Additionally, the notion of a "tip" makes working with feature branches frustrating, because by default Mercurial will check out from whatever branch was pushed to most recently, rather than a de-facto standard "master" as in git. Hand in hand with this complaint, by default Mercurial will want to push all your changesets, not just those under your current working bookmark, so you have to constantly specify e.g. "hg push -r master" to keep from pushing local throw-away branches. And it's not easy to delete local throw-away branches if you decide you don't want them (the downside of Mercurials aversion toward history modification), so one generally winds up using a separately-cloned repo for temporary work, which is unfortunate in contrast with git.
Mercurial and git are both great, efficient, high-performance tools. But if I had to generalize, I'd say that Mercurial is better for beginners and for "enterprisey" usage, whereas git, despite its interface inconsistencies, can be more powerful once you fully understand it and its data model (but only if you aren't working primarily on Windows, and don't need Mercurial Queues).
Again, I'll admit I'm biased (I'm mostly a Linux guy), but for the day job, they are currently paying me to develop stuff for Windows, and both myself (via Cygwin), and my current coding partner (via MSysGit) have no issues whatsoever with Git in Windows. A previous team member also quickly adapted to Git via TortoiseGit.
The flexibility of being able to rewrite history, the staging area, stashes and branching quickly are just too powerful, and being both code monkeys and CLI junkies, we don't miss the "integration" much (albeit, I love EGG: https://github.com/byplayer/egg).
Branching with bookmarks is very close to the way git usually handles branching. Mercurial bookmarks are like git refs: named pointers to changesets that move on commit.
Concludes that Git handles larger amounts of data more efficiently and stores revision info in a safer/clearer way. Git might be more arcane in terms of it's command syntax, but gets the job done.
Think of it exactly like an atomic bomb. Atomic bombs are simple: you need fissile material that decays and emits neutrons, and you need it to get close enough to keep a reaction going.
The fissile material in this case is the quality of the software. If it's good, consider it fissile. If it sucks, it probably ain't exploding anytime soon. Git is good. It works, it's fun to use, and it's collaborative.
The trigger was Linux. A large developer community suddenly was introduced to it, and used it day-to-day as Linus was still developing Git itself. The bomb had dropped.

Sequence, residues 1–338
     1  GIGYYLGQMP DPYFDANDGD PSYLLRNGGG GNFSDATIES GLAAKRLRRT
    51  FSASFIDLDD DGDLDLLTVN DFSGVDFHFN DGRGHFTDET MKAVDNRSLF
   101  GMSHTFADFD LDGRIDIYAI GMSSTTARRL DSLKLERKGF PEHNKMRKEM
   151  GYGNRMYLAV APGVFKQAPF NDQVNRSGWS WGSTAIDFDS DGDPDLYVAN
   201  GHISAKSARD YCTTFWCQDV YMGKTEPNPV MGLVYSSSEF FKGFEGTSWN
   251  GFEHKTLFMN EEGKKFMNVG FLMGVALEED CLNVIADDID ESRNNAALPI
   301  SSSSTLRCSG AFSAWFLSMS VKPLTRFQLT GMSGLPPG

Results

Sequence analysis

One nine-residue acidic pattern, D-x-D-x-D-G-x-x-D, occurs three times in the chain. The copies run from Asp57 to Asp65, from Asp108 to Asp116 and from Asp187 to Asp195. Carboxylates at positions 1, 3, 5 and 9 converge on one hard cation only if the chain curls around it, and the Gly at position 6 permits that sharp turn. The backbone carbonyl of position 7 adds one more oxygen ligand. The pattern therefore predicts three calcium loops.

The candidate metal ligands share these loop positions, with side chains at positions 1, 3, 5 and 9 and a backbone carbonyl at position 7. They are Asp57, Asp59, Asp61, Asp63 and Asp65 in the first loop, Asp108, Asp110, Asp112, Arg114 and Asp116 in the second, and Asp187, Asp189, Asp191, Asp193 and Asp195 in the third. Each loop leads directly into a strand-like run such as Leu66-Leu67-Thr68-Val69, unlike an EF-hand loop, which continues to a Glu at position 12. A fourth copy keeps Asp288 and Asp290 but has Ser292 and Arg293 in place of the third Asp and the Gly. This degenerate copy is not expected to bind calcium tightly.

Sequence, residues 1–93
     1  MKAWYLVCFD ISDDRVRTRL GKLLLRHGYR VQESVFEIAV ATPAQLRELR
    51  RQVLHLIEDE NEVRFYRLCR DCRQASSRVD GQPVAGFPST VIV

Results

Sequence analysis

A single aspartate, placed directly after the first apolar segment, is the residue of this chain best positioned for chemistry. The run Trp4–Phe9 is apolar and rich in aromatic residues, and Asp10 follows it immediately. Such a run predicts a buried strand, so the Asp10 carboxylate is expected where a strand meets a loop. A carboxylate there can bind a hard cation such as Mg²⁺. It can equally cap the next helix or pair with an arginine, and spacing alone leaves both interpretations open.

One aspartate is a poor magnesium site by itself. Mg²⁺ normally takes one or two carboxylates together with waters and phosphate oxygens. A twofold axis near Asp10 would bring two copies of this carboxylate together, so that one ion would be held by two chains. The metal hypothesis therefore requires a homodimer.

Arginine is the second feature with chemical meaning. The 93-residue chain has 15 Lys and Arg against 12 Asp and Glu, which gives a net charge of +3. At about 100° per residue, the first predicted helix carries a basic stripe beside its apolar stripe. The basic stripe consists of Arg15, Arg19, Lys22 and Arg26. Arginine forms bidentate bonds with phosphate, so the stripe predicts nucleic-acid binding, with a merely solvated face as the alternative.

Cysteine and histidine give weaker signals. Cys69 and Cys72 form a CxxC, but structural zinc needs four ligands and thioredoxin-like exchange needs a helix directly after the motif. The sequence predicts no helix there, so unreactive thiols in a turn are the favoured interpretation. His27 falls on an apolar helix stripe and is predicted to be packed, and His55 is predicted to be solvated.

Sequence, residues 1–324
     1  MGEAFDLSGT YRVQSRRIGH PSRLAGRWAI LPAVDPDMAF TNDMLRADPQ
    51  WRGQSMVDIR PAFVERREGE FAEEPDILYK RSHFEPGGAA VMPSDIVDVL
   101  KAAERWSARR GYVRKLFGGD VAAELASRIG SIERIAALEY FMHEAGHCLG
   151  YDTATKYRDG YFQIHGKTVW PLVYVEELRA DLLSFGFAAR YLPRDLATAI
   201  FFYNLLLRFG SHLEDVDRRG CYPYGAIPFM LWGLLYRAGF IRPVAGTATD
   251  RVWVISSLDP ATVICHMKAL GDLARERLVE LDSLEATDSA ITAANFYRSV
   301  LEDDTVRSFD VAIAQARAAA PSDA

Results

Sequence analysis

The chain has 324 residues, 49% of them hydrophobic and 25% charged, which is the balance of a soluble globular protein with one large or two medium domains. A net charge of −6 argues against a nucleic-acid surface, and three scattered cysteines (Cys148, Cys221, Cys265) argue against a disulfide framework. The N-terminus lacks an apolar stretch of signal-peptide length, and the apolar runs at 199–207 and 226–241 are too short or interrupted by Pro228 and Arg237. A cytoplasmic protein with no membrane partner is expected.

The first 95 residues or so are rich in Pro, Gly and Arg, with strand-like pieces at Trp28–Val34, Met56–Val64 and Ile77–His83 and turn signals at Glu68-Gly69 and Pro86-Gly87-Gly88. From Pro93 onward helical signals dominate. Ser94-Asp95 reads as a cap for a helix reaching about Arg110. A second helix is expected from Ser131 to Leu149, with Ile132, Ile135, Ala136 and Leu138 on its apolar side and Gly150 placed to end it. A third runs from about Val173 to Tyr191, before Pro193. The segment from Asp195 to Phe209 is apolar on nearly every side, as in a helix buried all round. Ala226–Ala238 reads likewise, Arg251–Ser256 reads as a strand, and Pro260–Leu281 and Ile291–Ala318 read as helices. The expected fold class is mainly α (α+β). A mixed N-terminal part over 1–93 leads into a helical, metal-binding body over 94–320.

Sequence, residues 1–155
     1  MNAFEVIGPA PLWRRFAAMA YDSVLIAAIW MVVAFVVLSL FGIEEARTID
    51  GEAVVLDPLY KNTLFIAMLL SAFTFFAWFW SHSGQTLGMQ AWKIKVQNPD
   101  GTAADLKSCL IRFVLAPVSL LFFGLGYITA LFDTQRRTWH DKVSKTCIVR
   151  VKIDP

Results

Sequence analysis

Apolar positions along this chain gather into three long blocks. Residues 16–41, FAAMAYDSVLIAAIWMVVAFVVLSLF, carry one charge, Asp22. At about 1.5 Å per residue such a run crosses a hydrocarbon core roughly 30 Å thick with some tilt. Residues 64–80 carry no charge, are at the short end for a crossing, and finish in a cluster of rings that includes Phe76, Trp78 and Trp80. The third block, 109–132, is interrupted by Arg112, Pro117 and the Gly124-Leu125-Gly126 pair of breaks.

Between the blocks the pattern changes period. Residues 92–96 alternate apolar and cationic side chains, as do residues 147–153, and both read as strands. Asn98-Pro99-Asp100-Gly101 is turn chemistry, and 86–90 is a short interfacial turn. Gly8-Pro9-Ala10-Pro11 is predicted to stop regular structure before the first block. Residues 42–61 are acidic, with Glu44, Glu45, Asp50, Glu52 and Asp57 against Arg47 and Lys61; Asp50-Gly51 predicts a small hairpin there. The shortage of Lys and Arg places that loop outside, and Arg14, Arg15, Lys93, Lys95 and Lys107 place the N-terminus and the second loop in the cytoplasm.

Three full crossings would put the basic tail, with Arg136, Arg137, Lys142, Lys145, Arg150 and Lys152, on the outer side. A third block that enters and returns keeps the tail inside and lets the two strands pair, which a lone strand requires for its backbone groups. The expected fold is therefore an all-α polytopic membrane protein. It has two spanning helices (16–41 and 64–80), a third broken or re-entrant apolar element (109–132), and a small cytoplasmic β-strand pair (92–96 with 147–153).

Github was the mechanism itself. It brought all of the developers closer together (like neutrons) and the reaction started spreading. The quality of the experience ensured people actually wanted to be there, and to share it.
Critical mass of ~the social web~ anything in society. 1. Quality, 2. Trigger, 3. Social Mechanism. Boom.
Edit: no pun intended ;)
I looked at hg. It is easier, especially for the windows users. However, git was already coming from a few different directions and hg's simplicity was not enough to tip the scale.
We are now mid-migration. If git devs are listening - this is my biggest nit:
$ apropos git | grep ^git | wc -l
I do believe an alternative "porcelain" will eventually supplant the core git commands, making it more user friendly.
I would say mercurial is more polished on windows, taking tortoisehg into account. Maybe most mercurial users are on windows while most git users are on linux?
(now i don't believe that mercurial actually is bigger than git, even on windows, but the data from the post is still dodgy)
The "Linux uses git!"-argument is a good one but mercurial has an almost as good one: Firefox. So i don't think that would be an overwhelming factor.
If you can find the 'open source updates' from oscon on youtube/oreilly, Shawn Pearce gives an architectural update that will inform your speculations.
OTOH not having to do the merges on the shared repo is much better and avoids the "don't checkout HEAD just yet 'cos it's all manor of fucked up right now" problem.
Also poorly quantifiable is the sense of fear or anticipation that courses through your veins when you hear the phrase, in an SVN shop, "Hey, I've got a feature branch I want to merge in."